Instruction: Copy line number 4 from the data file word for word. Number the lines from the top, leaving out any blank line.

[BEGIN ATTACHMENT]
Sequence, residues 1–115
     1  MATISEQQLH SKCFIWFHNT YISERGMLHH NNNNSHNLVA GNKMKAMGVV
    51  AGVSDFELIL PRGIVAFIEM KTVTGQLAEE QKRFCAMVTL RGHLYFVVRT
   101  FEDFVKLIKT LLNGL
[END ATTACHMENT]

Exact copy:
   101  FEDFVKLIKT LLNGL